Cyprus was all the indication the markets needed that 'bailout frenzy' is far from over in Europe. Slovenia appears to be next. The country has long been hailed as a success story of the EU enlargement process, entering the Union in 2004 in robust fiscal health. Rising productivity and industrial output at the time allowed it to replace its currency -- the Tolar -- with the Euro, just three years later, and in 2007 Slovenia joined the Eurozone as its thirteenth member.
Success was short lived, however. By 2008 the price of its high sustained growth rate became apparent. The absence of labor and pension reforms, a failure to meaningfully privatize the substantial state-owned sector, and a large drop in exports resulted in perpetually high deficits over the past 5 years, driving its public debt up from 22% in 2008 to more than 53% in just over 4 years. This week Moody's issued a double downgrade of Slovenia, to junk status, making it the most likely next in line for a Troika bailout (from the ECB, European Commission and IMF).
The country faces dual sets of challenges: fiscal and financial imbalances along with an ailing banking sector, and a state of political impasse that prevents responsible political governance. The two have combined to create a major obstacle to meaningful recovery. Slovenia appears to be destined to meet its fate as a result of its paralysis, unless it can quickly pull a rabbit out of a hat, which is questionable.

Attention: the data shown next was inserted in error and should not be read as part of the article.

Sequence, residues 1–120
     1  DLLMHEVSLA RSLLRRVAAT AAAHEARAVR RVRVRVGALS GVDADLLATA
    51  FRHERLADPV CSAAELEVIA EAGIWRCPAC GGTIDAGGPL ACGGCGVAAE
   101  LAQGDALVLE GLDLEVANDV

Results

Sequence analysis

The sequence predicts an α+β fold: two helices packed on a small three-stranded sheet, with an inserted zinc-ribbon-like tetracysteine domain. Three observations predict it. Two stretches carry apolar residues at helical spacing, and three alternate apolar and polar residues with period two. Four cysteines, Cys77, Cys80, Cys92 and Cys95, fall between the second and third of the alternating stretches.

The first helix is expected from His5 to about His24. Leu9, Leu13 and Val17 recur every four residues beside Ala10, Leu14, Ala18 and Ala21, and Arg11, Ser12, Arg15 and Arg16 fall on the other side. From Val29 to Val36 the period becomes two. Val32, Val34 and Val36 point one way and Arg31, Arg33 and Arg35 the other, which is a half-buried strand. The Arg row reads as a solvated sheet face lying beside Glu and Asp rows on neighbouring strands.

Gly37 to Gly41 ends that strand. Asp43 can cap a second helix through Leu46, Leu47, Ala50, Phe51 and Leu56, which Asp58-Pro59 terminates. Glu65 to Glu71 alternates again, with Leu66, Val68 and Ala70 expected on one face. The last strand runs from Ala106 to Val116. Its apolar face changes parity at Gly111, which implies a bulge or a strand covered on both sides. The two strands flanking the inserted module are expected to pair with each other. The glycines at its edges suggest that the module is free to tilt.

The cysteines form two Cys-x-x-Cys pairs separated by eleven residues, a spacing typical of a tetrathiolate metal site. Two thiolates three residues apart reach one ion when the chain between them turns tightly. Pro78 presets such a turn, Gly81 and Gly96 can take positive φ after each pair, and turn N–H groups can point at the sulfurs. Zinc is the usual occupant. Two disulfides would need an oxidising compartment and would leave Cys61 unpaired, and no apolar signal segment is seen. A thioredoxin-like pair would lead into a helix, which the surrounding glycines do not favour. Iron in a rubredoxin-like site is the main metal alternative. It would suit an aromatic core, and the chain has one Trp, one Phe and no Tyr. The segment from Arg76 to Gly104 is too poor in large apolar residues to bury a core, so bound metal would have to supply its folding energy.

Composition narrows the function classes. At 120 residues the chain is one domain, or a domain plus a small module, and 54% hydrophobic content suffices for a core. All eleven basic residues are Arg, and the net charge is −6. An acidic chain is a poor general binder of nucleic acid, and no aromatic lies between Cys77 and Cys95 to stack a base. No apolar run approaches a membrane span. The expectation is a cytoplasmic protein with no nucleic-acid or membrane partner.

If it is to avoid a bailout, the Slovenian government must extract itself from the fiscal burden associated with having to prop up its state-owned banks (beleaguered with over €7 billion in bad debt), reduce state holdings outside the banking sector, and enact necessary austerity measures to resolve the persistent fiscal discrepancies causing high budget deficits. Without addressing any of the three quickly and in a meaningful fashion, Slovenia will not last past the end of summer without needing to request assistance. If all three are addressed in unison, it is possible, though not likely, that Slovenia may still avoid becoming the "next one" and find a path to growth that has been absent since the onset of the financial crisis. However, given the ongoing sorry state of affairs in Europe, this does not appear likely.
The government's laggard privatization program failed to divest the state's holdings in the undercapitalized lenders that dominate Slovenia's banking sector. While a sale of substantial state holdings in various industries would give the Slovenian government some fiscal breathing space to enact the necessary reforms, previous governments steered clear of privatizing any significant state holdings as GDP growth slowed.
Given that an ailing bank sector was the primary cause of Cyprus' downfall, there appears to be little reason to believe why the same will not prove to be true in Slovenia. The banking sector's bad debts will require €1 billion of fresh capital this year, according to recent IMF estimates. Slovenia's second-largest state-owned bank -- NKBM -- was one of four lenders that failed to meet the loose criteria of the European Banking Authority's recent capital adequacy test. Only three other lenders in Europe failed the EBA's test, among them the Bank of Cyprus and the Cyprus Popular Bank (the Laiki Bank) -- the two banks whose depositors are being "bailed-in", losing as much as 60% of their deposits in the former, and the latter simply being shut down.